The National Research Council (NRC) has released a new report that recommends the establishment of an early warning system to detect abrupt impacts from climate change. Abrupt changes in Earth’s climate system or abrupt changes in human and natural systems caused by gradual climate change could be especially detrimental given that society would have little time to adapt. The report, which is titled “Abrupt Impacts of Climate Change: Anticipating Surprises,” was released on December 3, 2013.
Abrupt or sudden changes in a system can occur when critical thresholds, also called “tipping points,” are crossed. Boiling water represents a simple example of how things can change suddenly when critical thresholds are crossed. Up until a certain temperature, the water in a pan on your stove will remain in liquid form. However, once the temperature heats up beyond the threshold of the boiling point (100 degrees Celsius), the water rapidly turns into gas and forms bubbles in the pan.
Two types of events that could lead to abrupt changes in the climate were closely evaluated in the NRC report. These events include the release of large amounts of methane from permafrost and undersea ice in the Arctic and the shutdown of ocean circulation patterns in the northern Atlantic. If such events were to occur, drastic changes on Earth could follow such as the failure of crops and fisheries. The report concluded that while these events are unlikely to occur this century, they are still of high concern over longer time periods. Moreover, given the extent of the impacts that such events could have, more extensive monitoring networks should be established in these critical regions.
Two issues of immediate concern identified in the report are the rapid loss of sea ice in the Arctic and the extinction of marine and terrestrial species. Declines in Arctic sea ice have been especially pronounced over the past few decades, and this could lead to major changes in polar ecosystems and impact weather patterns across portions of the Northern Hemisphere. The loss of biodiversity for climate sensitive species such as coral is predicted to be high over the next few decades.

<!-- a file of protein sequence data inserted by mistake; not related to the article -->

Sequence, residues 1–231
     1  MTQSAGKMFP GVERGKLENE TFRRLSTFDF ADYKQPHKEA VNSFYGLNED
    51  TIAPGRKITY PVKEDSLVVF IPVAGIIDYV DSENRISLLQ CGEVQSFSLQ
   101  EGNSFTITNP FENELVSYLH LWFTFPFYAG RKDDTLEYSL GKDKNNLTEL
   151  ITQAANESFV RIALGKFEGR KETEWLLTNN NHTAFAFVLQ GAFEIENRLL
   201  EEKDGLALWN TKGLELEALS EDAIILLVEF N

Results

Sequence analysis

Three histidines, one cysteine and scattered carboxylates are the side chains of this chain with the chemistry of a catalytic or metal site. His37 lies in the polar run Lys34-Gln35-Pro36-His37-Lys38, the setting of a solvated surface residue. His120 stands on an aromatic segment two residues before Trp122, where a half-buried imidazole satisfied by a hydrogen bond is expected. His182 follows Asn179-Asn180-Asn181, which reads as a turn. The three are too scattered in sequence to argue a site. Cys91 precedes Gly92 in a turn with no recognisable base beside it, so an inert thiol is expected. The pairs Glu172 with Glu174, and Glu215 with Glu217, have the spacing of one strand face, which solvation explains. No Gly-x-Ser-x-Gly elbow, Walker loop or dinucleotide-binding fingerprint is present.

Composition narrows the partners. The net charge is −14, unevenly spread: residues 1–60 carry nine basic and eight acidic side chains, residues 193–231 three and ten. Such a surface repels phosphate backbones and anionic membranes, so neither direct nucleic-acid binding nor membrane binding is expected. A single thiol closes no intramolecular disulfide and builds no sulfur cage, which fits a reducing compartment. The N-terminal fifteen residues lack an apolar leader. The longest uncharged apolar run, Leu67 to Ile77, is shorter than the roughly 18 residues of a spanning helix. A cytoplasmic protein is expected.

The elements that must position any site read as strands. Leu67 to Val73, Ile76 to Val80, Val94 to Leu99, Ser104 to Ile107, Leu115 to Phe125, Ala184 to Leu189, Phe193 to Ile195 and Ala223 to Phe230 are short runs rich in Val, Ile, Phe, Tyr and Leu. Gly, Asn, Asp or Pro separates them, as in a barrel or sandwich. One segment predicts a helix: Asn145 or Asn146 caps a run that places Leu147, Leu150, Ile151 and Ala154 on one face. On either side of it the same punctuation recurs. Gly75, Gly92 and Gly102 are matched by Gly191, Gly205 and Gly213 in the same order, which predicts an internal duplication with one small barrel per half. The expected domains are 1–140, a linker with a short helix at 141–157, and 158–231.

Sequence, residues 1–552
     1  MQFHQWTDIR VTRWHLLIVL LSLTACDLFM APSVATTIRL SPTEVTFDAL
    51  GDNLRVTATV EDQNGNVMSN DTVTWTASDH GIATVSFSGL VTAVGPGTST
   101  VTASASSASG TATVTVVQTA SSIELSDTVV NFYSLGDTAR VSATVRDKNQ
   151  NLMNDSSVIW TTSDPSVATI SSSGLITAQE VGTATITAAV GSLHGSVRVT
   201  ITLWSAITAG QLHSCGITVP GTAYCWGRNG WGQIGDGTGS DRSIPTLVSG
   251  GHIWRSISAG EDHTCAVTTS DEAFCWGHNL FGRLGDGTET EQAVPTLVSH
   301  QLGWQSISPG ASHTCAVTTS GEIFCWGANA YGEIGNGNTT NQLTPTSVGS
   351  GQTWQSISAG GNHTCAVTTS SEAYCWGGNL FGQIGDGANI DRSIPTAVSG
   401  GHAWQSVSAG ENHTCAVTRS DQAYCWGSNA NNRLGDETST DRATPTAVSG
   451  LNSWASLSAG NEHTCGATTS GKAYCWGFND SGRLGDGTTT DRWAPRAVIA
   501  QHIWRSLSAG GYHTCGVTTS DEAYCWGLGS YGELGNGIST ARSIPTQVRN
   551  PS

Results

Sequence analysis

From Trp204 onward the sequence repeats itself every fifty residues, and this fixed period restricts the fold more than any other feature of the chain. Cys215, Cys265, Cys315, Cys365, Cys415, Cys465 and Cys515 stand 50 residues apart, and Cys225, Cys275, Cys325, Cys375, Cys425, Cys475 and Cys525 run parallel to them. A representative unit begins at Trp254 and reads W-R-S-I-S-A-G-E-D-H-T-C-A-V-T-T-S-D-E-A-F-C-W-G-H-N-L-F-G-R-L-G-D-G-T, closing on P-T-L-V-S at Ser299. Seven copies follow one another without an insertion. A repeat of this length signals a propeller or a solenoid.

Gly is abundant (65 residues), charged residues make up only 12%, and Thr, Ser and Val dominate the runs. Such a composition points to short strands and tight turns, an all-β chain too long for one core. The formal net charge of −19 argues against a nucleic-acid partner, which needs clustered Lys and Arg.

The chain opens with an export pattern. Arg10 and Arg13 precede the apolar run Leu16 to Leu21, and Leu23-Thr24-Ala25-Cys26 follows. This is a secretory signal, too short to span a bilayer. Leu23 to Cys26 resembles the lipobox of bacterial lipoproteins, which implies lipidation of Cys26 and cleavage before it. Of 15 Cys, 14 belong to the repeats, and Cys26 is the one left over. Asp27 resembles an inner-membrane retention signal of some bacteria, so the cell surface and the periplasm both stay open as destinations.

Sea level rise was also evaluated in the report. Abrupt changes on Earth could occur if the west Antarctic ice sheet was to destabilize. However, the report notes that the probability of such an event occurring is not well understood and requires more research. Abrupt changes in coastal communities caused by levee breaches were noted as a concern in the report.
James White, professor of geological sciences at the University of Colorado in Boulder, commented on the new report in a press release. He said:
Research has helped us begin to distinguish more imminent threats from those that are less likely to happen this century. Evaluating climate changes and impacts in terms of their potential magnitude and the likelihood they will occur will help policymakers and communities make informed decisions about how to prepare for or adapt to them.
To address the risks posed by abrupt changes on Earth, the report recommends the establishment of an Abrupt Change Early Warning System (ACEWS) as part of an overall risk management strategy. Such a system may help us to better anticipate surprises and reduce any detrimental impacts.
The study was supported by the National Oceanic and Atmospheric Administration (NOAA), the National Science Foundation, the U.S. intelligence community and the National Academies. The NRC is part of the National Academies, which is an independent nonprofit organization that provides expert scientific advice to the U.S. government.
Bottom line: On December 3, 2013, the NRC released a report titled “Abrupt Impacts of Climate Change: Anticipating Surprises.” The report recommends the establishment of an early warning system to detect abrupt impacts from climate change.
Deanna Conners is an Environmental Scientist who holds a Ph.D. in Toxicology and an M.S. in Environmental Studies. Her interest in toxicology stems from having grown up near the Love Canal Superfund Site in New York. Her current work is to provide high-quality scientific information to the public and decision-makers and to help build cross-disciplinary partnerships that help solve environmental problems. She writes about Earth science and nature conservation for EarthSky.